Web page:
Arts and Culture
This second volume of essays discusses certain aspects of the Buddhist Image House (Viharageya) focussing on murals and sculptures. It examines the transitions in the decades before and after Sri Lanka gained independence in 1948. The five introductory articles open the discussions surrounding Nation Building seen in visual cultures within the Image House, in 19th century Europe and in contemporary Panorama Museums in Pnom Penh, Istanbul, Volgograd, Prague and Atlanta. The volume seeks to understand how laypersons of the upcoming urban society living under the British in a cosmopolitan society, negotiated new identity formations while addressing aspirations for those speaking Sinhala called “Buddhists”. The academic essays explore strategies of creating this identity by sponsoring the building of Buddhist Image Houses and English-Buddhist schools, renovating stupas as new sites for pilgrimage, engaging in subversive anti-colonial activities, instigating riots and demonstrations to create public awareness, inaugurating vernacular schools, studying Abhidharma, meditating in urban and forest recluses and establishing networks through organized societies locally and internationally.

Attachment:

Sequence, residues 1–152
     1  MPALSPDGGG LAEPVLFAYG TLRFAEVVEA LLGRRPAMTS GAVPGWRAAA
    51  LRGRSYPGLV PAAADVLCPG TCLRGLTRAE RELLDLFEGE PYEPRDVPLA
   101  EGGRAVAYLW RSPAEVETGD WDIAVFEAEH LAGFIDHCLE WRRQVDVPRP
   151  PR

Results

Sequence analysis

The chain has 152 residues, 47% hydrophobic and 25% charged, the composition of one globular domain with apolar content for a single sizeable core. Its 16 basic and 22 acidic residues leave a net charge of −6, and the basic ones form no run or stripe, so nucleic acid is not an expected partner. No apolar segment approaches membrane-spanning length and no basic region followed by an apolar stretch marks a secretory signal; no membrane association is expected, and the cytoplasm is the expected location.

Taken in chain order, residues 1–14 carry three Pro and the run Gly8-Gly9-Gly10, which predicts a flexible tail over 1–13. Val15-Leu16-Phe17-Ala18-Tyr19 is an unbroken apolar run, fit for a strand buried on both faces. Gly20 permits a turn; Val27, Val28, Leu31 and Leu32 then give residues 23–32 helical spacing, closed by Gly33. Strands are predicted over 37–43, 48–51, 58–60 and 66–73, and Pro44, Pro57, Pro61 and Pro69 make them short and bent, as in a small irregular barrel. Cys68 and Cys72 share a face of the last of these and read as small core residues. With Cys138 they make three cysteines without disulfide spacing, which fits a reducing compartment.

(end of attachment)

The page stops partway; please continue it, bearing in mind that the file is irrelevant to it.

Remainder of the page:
Photography, printing on paper - newspapers , lithographs and novels, automobile, train and steamship transportation, the emergence of radio as well as the gramophone as means of communication gave the aspirations of the Buddhists fresh momentum . The arrival of Westerners of British, American, German and Russian origin as missionaries, theosophists and orientalists resulted in strengthening of ties with spiritual leaders and intellectuals from India and brought traditional religious practices and lifestyles of the island under critique.